New ways to avoid animal testing –
Human 3D Tissue Models Conference in Würzburg

Press Release / 18.11.2019

In-vitro grown natural organ models – such as the skin model depicted – can help prevent animal testing in the development of pharmaceuticals in the future.
© K. Dobberke for Fraunhofer ISC
In-vitro grown natural organ models – such as the skin model depicted – can help prevent animal testing in the development of pharmaceuticals in the future.
Around 60 international experts met in Würzburg to discuss the current state of development of reliable cell-based alternatives to animal experiments.
© M.-L. Righi, Fraunhofer ISC
Around 60 international experts met in Würzburg to discuss the current state of development of reliable cell-based alternatives to animal experiments.
Logo of MedTech Pharma.
© MedTech Pharma
Logo of MedTech Pharma.

Around 60 international experts met on November 7 at the Fraunhofer Institute for Silicate Research ISC in Würzburg to report on the state of the art in the field of 3D tissue models and prevention of animal experiments in the development of pharmaceuticals and medical devices. The Forum MedTech Pharma and the Fraunhofer Translational Center for Regenerative Therapies TLC-RT had invited to the conference, which is scheduled to take place annually.

The development of new active pharmaceutical agents and products is a tedious and time-consuming process. The drug candidates must be repeatedly tested in animal studies, on the one hand to demonstrate the general efficacy against a disease and on the other hand to determine the possible side effects. In addition to the ethical concerns about animal experiments, it is also repeatedly shown that not all the results are transferable to humans. Up to 85% of the drug candidates evaluated in the preliminary investigations prove to be unsuitable for humans in the clinical trial phase. These failures increase the cost of drug development and cause animal experiments, which subsequently prove to be pointless.

The necessary animal experiments should be kept to a minimum and at the same time the predictive capability of the test systems should be increased, last but not least to avoid costly failures. Therefore, alternatives have been sought for a long time in order to be able to use ethically less problematic and more reliable test systems, at least in the early stages of drug development: in pharmaceutical drug screening. In 1959, the British scientists William Russel and Rex Burch formulated the 3R principle as the principle of experimental scientific work. According to that animal experiments should as far as possible be replaced by other methods (Replacement), the number of animals reduced (Reduction) and their suffering minimized in the experiments (Refinement). With the European Directive 2010/63 / EU for the protection of animals used for scientific purposes, the internationally recognized principle of the 3R received in 2010 for the first time also a legal recognition. According to the Federal Institute for Risk Assessment, the regulations of the European Directive and thus also the 3R principle were implemented into German law in 2013 with the amended Animal Welfare Act and the Animal Protection Laboratory Animal Ordinance.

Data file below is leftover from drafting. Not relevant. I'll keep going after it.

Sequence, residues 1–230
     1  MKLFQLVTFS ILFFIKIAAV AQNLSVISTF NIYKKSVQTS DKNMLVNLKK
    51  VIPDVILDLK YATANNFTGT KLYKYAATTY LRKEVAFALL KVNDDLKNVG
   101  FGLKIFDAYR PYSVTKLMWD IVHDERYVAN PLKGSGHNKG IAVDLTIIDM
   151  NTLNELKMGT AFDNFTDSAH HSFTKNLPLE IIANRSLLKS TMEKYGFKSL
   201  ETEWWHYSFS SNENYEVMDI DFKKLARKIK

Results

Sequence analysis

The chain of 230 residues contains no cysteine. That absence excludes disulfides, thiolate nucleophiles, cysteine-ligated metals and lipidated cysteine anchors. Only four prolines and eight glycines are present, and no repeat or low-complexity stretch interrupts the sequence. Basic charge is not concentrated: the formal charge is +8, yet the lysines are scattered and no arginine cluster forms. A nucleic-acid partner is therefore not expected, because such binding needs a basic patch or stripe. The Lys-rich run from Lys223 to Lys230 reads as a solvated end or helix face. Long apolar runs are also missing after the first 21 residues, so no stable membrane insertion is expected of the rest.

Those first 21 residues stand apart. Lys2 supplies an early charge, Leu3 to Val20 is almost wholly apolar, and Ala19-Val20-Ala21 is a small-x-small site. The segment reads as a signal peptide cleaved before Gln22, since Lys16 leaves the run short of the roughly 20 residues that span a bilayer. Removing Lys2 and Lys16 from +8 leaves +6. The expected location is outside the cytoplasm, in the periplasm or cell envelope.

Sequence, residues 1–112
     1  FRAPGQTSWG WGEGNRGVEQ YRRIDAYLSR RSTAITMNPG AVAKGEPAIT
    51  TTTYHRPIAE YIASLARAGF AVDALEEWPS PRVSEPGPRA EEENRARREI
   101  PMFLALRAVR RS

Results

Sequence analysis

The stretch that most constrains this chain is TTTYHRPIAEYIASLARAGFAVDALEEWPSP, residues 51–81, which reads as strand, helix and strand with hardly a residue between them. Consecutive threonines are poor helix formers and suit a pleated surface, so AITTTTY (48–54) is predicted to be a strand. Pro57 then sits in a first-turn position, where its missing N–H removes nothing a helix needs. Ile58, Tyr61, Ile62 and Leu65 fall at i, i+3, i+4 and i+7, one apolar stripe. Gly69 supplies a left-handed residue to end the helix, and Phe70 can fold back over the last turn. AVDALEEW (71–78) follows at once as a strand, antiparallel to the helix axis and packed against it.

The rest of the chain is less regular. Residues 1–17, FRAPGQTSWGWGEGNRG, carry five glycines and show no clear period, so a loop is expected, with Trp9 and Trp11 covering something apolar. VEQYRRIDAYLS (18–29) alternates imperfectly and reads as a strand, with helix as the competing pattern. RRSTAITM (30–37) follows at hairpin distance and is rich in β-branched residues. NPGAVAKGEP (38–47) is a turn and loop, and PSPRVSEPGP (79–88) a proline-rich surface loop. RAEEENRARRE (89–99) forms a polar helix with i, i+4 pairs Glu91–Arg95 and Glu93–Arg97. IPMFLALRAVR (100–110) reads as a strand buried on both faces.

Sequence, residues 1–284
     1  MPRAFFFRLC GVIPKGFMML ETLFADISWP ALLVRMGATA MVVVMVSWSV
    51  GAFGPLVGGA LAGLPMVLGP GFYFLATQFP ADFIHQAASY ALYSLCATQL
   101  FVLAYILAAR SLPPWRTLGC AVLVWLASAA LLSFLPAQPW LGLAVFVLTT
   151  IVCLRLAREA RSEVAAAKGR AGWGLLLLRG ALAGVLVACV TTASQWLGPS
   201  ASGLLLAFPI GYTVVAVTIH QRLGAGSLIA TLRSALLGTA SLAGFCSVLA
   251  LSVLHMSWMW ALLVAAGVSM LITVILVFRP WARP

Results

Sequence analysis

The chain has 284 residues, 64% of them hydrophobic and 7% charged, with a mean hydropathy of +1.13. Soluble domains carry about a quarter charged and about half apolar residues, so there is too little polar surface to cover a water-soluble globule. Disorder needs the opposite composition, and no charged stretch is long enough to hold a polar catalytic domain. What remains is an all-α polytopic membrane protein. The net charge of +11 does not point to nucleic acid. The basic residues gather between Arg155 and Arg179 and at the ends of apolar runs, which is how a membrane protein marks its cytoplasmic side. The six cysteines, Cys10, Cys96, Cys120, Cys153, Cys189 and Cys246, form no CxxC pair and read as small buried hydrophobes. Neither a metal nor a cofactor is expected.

At this year's annual "Human 3D Tissue Models" conference, about 60 international specialists met in Würzburg at the Fraunhofer ISC, who are committed to research for the 3R principle. "Medical devices require more and more clinical trials under the new Medical Device Regulation, and here, as in drug discovery, the human 3D tissue models could also bring great benefits, and the conference should provide a platform to exchange across ˈthe industryˈ", commented Dr. Monika Muegschl-Scharf, responsible for the conception of the event at the Forum MedTech Pharma.

Among other things, methods were discussed with which the uptake of active substances in cell tissues can be investigated and different active substance modifications can be tested for their bioavailability. Great interest has also been shown in the various developments of cell-based 3D test systems, which realistically represent the construction of organs "in the test tube" (i.e. "in vitro"). Dr. Florian Groeber-Becker, Head of In Vitro Test Systems at the Fraunhofer Translational Center for Regenerative Therapies TLC-RT at the Fraunhofer ISC Würzburg and co-organizer of the conference presented as an example skin models developed at the Fraunhofer TLC-RT and already used for preclinical drug screening avoiding animal testing: "As a great advantage over classical animal experiments, human models can be generated via tissue engineering, which allow a highly accurate statement about the effects of therapies. In addition to healthy models, pathological conditions can also be simulated using a variety of methods."

First examples of the relatively new field of application for tissue models in medical device testing were elucidated in two lectures at the end of the conference. The experts agree that animal testing can not be completely replaced at the present time, as they offer the only possibility, active ingredients or e. g. to test new materials for dental and bone implants in a complex organism – yet. But scientists are also researching in this direction. More and more complex test systems are built in vitro from living cells, which combine several organs in a three-dimensional lab-on-chip system. "Overall, the conference showed that the topic of alternatives to animal testing is now also an integral part of the development of medicines and medical devices," said co-organizer Groeber-Becker. In the foreseeable future, it will perhaps be possible to avoid the last animal tests that are still needed, while at the same time improving the reliability of the forecasts for efficacy and side effects.

 

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